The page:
I don't think it should be called a doctrine. I think what the President did in this case was decide to attack and invade Iraq unilaterally, then later in his presidency attempted to construct a philosophy of executive power that conformed to his earlier decision. The inherent risks and costs of this philosophy revealed themselves as soon as he exercised the so-called doctrine for the very first time. This is especially true since we know now that no threat to US national security existed.
So, as opposed to the Truman Doctrine, Nixon Doctrine or the Monroe Doctrine, the Bush Doctrine was, in my opinion, simply self-serving policy justification, and an attempt to create the appearance of some kind of legacy for his presidency.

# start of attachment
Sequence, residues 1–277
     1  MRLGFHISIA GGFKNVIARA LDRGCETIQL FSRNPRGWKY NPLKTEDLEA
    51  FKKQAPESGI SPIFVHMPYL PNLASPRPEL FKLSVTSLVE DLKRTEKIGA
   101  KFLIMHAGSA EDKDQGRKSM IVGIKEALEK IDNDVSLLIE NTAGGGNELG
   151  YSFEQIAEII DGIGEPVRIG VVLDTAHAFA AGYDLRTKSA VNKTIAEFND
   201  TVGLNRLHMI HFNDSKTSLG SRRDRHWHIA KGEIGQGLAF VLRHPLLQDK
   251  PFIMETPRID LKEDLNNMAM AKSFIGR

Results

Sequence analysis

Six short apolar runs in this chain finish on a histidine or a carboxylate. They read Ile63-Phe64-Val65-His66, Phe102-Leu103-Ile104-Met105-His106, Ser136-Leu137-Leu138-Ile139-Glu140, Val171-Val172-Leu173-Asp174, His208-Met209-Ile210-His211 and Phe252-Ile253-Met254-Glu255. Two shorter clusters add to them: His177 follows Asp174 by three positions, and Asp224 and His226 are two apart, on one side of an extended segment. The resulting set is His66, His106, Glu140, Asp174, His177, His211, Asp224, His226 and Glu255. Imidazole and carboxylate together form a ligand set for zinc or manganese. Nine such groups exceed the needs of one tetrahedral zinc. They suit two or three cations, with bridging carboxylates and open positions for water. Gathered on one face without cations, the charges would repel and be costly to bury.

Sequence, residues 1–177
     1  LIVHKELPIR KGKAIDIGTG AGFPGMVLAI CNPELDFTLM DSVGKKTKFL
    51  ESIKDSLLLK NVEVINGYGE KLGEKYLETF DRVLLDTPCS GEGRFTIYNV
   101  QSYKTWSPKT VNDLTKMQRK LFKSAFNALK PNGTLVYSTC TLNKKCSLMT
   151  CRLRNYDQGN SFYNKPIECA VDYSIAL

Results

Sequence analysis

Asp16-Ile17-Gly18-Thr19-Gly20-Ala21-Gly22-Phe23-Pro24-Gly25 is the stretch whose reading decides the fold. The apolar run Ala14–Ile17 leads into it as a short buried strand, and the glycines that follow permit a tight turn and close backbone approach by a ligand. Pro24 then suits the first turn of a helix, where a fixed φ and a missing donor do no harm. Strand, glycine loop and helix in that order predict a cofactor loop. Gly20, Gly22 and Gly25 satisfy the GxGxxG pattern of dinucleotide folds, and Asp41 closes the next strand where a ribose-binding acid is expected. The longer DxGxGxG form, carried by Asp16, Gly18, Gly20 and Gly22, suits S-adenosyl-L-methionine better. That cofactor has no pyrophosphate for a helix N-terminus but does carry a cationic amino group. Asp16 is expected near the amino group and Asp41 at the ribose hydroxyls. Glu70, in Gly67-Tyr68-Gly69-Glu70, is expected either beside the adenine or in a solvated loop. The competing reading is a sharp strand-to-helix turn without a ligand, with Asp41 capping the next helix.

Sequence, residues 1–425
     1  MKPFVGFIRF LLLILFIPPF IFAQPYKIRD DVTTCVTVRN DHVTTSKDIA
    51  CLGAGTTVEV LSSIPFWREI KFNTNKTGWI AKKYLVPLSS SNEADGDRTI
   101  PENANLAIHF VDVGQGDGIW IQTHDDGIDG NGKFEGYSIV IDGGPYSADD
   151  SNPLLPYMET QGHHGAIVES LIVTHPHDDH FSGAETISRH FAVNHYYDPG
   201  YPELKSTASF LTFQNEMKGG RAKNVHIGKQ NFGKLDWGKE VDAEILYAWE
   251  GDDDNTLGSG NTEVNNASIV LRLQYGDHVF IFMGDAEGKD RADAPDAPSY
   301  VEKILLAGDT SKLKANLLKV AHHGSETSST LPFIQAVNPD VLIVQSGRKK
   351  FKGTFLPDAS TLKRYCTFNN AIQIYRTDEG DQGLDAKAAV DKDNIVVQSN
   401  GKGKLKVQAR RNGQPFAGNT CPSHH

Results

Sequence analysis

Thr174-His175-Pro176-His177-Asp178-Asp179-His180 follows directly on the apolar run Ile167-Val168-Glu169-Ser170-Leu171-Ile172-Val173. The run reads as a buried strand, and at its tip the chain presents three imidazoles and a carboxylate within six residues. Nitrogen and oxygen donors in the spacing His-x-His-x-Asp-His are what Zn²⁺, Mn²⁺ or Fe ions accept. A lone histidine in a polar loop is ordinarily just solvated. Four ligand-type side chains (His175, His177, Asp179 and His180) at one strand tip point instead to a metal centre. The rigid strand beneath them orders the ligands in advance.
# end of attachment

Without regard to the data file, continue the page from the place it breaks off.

I think we are seeing now in the aftermath of the military activity in Iraq and also the ongoing problems in Afghanistan the limitations of the Bush doctrine. Whilst it seems reasonable that a country should be able to attack another country if they do pose an "immediate danger," but as highlighted above, there are massive problems when trying to establish what constitutes an immediate danger and likewise there is a difficulty in terms of securing accurate intelligence that honestly reflects the situation. The threat of Saddam Hussein was completely exaggerated and therefore intervention in Iraq was unnecessary, and this is something that is still trying to be worked through in countries such as Britain, who used the threat argument to justify war.